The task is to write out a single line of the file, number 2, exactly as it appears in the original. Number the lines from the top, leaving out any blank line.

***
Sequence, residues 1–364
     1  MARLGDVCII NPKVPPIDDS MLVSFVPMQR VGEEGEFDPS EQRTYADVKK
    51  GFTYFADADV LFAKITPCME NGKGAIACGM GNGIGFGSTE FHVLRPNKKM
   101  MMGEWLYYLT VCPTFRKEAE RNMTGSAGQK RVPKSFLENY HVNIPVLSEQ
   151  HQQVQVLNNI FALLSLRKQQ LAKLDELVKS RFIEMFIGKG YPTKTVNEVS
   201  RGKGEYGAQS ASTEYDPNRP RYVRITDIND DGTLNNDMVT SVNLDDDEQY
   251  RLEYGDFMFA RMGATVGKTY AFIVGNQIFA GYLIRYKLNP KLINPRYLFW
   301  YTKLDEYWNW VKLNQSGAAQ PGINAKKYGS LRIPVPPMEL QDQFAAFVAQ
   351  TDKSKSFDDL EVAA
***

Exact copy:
     1  MARLGDVCII NPKVPPIDDS MLVSFVPMQR VGEEGEFDPS EQRTYADVKK